Education for All Morocco is a nonprofit organization designed to provide boarding and support for girls from the ages of 12 to 18 to attend secondary school.
Alternative public schools can be the last option for teens and young adults who are at risk of dropping out. They’ve existed since the 1970s, and have had a reputation for being bad schools for bad students.
But there's a school in New Haven, Connecticut, that’s trying to change that.
New Light High School is an alternative high school in the Wooster Square area of New Haven. Housed in a former library, there are about 70 students, predominantly black and Latino, Many are over-aged and under-credited — the average age of a student is 18.
Ray Coplin is the guidance counselor for all 70 students that attend. While he has taught at other New Haven public schools, he says that he ends up doing more here because of what the typical New Light student goes through.
“Being an alternative school, one of the things that we have to contend with is just the fact that most of our students have never learned how to be students. The traditional, counselor-y type of things that are commonly dealt with across the district, you know, what college you’re going to, FAFSA forms, financial aid, making sure that your GPA is up...I usually don’t get to have those conversations, it's with just a small minority of our students.”
An alternative school is a public school run by the local or regional school district. In New Haven, the school district uses a lottery system, allowing students and their parents to choose from any of the schools available, including the three alternative schools such as New Light. In fact, there are many students who choose to go to New Light because they feel it will cater to their needs better than in a traditional public school.
“New Haven Academy was, like, a big school, and the teachers wasn’t really as helpful as New Light teachers was.”
That’s Derek. We agreed not to use his last name. He was referred to New Light from New Haven Academy, a magnet school. He graduated this summer from New Light. Derek, like all students, was on an individualized learning plan for students who may need to work or provide for their families. It was the kind of attention that New Light provides that allowed Derek to connect with the school.
“A teacher here told me, if you feel like you could do that certain thing, then do it, don’t hesitate, don’t procrastinate, and just do it with your heart.”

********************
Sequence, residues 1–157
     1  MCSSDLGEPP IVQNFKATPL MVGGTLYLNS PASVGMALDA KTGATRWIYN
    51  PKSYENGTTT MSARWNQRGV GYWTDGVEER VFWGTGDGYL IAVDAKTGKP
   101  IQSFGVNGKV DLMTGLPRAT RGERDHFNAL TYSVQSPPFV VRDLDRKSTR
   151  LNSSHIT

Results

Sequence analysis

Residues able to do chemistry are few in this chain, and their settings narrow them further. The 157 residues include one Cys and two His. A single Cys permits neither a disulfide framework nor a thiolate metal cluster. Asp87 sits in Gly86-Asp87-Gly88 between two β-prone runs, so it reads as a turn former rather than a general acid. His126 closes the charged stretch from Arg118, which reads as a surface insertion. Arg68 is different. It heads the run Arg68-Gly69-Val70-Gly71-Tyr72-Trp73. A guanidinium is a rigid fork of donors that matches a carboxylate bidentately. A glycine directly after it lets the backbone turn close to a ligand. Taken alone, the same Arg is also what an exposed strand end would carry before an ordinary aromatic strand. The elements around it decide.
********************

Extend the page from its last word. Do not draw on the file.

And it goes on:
Dr. Maysa Akbar, founder and executive director of the Integrated Wellness Group, a psychotherapy practice in New Haven, has done extensive research on what she calls “urban trauma,” which is how race and poverty come together and affect youth living in the city. She says many teens and young adults dealing with urban trauma fit the profile of someone attending New Light.
“They have also encountered issues with truancy, absenteeism. Sometimes they are over-aged, but under-credited. Sometimes they do have significant behavioral issues, so they’ve faced suspensions or they’ve gone to expulsion hearings in the past. And then there are times where there’s a complicated family dynamic and family situation.”
New Light has been around for ten years, and Dr. Akbar says that under its new leadership, they have taken steps in the past year to provide the extra support that many of the students could not get from the schools they were sent from. They incorporated a program called RAP, short for the Reading Advancement Program, which ties social-emotional support with reading support to help them read at their grade level.
“This really worked because New Light really bought into this, they actually made it into a high school credit. And that was what was so awesome about it, because when you get a school that’s like, ‘Oh yeah, I can rally behind this program, absolutely I have kids whose behavioral issues get in the way of their learning, but they’re actually pretty smart and could learn,’ and if we can get that piece in check, then we can actually see them soar.”
Although New Light tries to provide as much support as possible to its students, lack of funding and space makes it difficult at times. Ray Coplin, New Light’s guidance counselor, says that even though they are a public school, they do not always get as much funding as others, mainly due to the types of students they receive.
“When there’s a limited amount of funds, when you have to delegate where those funds and budgeting goes. You know, we are a school that struggles to have students in the building at all times so we’re not the first choice when resources are looking to be allocated. So that makes it difficult, because we have kids that do come every day and, you know, they’re entitled to the same rights and education as their counterparts are.”
Coplin says that while they can always do more with more, they are committed to working with the students who come and who haven’t abandoned hope.
A version of this story was previously published on WSHU's site on November 2, 2017.
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